By Matt Doiron
We have been analyzing the most recent round of 13F filings from hedge funds and other notable investors, which disclosed many of their long equity positions in U.S. stocks as of the end of December. Even though this data is a bit outdated, we think there are still a few ways for investors to make use of it. We have found that the most popular small-cap stocks among hedge funds - as determined by these filings - outperform the S&P 500 by 18 percentage points per year on average (read more about hedge fund small-cap picks) and we believe that it's possible to identify other strategies. We can also see what hedge fund managers' favorite stocks were in a number of categories including those meeting traditional value criteria. Here are billionaire and Tiger Cub Andreas Halvorsen's Viking Global's five largest holdings in stocks with both trailing and forward P/E multiples of 15 or lower (or see the full list of Viking Global's stock picks):
One of Viking Global's top picks overall was Capital One Financial Corp. (NYSE:COF) after increasing the size of its position by 36% to almost 14 million shares. Lone Pine Capital, which is managed by fellow billionaire Tiger Cub Stephen Mandel, initiated a position of 4.4 million shares in Capital One during the fourth quarter of 2012 (find Mandel's favorite stocks). Capital One trades at 9 times trailing earnings, which is in line with many large banks (Capital One operates a bank as well as a credit card company) and the stock also trades at a discount to the book value of its equity. We think it is worth considering as a value stock.
The fund also liked ACE Limited (NYSE:ACE), a $30 billion market cap property and casualty insurance company. Its position at the beginning of 2013 was 5.5 million shares. ACE is valued at 11 times earnings whether we consider its net income for 2012 or forward earnings estimates. While recent growth rates have been quite modest, the multiples are low enough that the company needs to do very little in order to justify its current valuation. As a result ACE is another possible value stock though we'd also want to look to see if any peers might be better buys.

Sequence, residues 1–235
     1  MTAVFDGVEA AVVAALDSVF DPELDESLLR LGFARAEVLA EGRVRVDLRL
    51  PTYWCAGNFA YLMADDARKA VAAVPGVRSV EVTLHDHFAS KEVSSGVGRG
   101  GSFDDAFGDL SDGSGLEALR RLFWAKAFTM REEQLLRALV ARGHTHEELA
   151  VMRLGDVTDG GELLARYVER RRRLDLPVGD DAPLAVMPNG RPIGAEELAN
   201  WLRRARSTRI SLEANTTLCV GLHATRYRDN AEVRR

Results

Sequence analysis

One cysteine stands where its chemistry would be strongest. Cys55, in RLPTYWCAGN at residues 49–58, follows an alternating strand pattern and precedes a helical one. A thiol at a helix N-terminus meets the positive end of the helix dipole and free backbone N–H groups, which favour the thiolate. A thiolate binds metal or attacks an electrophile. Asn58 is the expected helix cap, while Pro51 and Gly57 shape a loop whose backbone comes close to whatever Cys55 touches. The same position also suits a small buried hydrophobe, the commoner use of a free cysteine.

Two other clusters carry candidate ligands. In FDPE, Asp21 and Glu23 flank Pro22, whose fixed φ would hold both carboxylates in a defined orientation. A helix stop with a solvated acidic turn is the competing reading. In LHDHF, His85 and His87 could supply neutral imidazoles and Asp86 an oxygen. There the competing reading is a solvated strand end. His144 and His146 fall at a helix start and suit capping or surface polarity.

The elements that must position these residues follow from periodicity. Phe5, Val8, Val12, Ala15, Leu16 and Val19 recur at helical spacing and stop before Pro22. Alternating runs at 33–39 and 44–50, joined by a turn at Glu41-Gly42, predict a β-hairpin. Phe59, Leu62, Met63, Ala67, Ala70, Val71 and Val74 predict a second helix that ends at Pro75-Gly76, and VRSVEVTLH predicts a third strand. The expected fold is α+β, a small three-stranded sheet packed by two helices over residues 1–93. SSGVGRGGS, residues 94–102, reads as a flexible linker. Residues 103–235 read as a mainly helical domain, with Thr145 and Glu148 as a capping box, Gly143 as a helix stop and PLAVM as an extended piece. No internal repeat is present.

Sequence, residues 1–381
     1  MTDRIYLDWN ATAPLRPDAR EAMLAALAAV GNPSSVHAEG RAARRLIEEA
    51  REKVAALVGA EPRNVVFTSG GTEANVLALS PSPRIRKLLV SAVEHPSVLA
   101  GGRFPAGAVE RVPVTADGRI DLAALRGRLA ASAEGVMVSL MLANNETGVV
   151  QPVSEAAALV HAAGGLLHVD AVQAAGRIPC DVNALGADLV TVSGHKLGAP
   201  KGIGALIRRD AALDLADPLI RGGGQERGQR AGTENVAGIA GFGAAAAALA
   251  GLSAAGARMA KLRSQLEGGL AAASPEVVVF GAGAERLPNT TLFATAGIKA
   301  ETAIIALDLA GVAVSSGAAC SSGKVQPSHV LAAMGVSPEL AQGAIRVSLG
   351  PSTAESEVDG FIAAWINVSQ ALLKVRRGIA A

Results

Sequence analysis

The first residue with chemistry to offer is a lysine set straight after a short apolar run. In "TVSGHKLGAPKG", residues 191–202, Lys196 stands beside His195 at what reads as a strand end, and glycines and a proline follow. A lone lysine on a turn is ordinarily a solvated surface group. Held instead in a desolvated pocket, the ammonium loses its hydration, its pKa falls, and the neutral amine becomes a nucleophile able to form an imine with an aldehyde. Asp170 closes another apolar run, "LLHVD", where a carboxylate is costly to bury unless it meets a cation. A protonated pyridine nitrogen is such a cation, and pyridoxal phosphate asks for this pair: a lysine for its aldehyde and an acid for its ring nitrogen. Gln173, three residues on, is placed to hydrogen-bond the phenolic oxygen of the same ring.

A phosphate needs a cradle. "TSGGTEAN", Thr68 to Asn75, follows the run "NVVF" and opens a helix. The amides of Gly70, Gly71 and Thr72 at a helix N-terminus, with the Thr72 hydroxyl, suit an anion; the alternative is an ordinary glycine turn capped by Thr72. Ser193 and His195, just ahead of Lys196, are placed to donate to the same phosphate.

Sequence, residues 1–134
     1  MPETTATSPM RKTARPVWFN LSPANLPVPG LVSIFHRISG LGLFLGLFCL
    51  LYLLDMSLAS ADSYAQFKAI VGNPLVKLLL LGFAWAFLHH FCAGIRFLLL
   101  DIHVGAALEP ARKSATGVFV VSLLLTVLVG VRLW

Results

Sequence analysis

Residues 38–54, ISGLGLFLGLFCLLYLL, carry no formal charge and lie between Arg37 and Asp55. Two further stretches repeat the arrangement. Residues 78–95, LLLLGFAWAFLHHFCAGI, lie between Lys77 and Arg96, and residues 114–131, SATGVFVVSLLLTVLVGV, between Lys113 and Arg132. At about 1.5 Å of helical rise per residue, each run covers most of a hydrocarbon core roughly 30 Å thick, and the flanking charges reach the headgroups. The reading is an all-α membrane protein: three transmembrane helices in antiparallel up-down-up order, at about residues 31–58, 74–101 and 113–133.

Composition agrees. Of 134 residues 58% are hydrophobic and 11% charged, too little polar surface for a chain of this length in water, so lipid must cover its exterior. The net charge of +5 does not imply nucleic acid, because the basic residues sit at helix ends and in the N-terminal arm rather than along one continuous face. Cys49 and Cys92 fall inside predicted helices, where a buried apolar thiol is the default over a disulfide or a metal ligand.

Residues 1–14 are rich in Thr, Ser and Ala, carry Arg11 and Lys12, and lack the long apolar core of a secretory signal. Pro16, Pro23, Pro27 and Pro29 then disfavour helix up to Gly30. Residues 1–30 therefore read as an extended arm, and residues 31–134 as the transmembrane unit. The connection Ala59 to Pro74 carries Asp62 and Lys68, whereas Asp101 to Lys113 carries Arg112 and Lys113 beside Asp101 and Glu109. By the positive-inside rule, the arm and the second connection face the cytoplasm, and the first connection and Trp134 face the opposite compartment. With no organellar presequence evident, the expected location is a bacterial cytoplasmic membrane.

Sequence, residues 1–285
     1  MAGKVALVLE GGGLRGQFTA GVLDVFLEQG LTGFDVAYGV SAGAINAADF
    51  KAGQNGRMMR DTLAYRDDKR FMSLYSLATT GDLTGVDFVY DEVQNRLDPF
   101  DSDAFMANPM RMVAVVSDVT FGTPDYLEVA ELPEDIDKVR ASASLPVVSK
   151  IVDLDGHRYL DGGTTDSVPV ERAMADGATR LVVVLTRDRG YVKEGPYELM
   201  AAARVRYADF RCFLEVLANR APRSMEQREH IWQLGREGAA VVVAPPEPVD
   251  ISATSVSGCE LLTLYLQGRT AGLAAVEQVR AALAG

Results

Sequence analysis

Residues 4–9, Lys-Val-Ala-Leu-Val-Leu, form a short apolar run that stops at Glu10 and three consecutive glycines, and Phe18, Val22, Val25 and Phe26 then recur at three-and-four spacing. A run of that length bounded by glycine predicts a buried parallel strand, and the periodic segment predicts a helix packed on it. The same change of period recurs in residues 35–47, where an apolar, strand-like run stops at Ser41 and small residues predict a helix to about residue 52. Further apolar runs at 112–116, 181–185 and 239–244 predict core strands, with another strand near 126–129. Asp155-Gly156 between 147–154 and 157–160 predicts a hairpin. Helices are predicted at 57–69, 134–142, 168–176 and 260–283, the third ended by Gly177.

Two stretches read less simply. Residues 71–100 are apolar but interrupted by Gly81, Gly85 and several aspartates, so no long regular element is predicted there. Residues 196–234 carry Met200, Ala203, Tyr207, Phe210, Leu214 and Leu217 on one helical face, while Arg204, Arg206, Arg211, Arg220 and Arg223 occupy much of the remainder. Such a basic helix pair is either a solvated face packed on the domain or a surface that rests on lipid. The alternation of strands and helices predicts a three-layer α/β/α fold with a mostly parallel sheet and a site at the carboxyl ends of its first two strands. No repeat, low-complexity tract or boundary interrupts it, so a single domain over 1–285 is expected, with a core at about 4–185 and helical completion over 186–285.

LyondellBasell Industries NV (NYSE:LYB) was another of Viking Global's stock picks with the 13F disclosing a position of 7.5 million shares. The chemicals and refining company is dependent on macro factors for demand, with the result being a high beta of 2.5. The sell-side is projecting high earnings growth over the next couple years, and as such the trailing and forward P/Es are 13 and 9 respectively. However, at least on the top line LyondellBasell's growth rate was quite limited last quarter compared to the fourth quarter of 2011. It might be better to at least start with other chemical companies.
Halvorsen and his team more than doubled their stake in Humana Inc (NYSE:HUM) and owned 3.5 million shares at the end of December. Humana's stock price is down 21% in the last year, and business performance seems about flat with little change in sales or net income in the fourth quarter of 2012 versus a year earlier. Health insurers are generally cheap, and so even though Humana's trailing P/E is only 9 it's another case where we would advise investors to compare the stock to alternatives in the industry.
The filing reported that Viking Global had bought about 580,000 shares of AutoZone, Inc. (NYSE:AZO) after not owning any at the end of September. The auto parts store carries a beta of only 0.2, signifying that it operates almost independently of the overall economy. The flip side to that is that AutoZone only experienced a slight increase in earnings in its most recent quarter compared with the same period in the previous year and has risen only 1% since a year ago (underperforming the market). Analyst consensus for the fiscal year ending in August 2014 has AutoZone's forward P/E at 12.
Disclosure: I have no positions in any stocks mentioned, and no plans to initiate any positions within the next 72 hours.
Business relationship disclosure: This article is written by Insider Monkey's writer, Matt Doiron, and edited by Meena Krishnamsetty. They don't have any business relationships with any of the companies mentioned in this article and they didn't receive compensation (other than from Insider Monkey and Seeking Alpha) to write this article.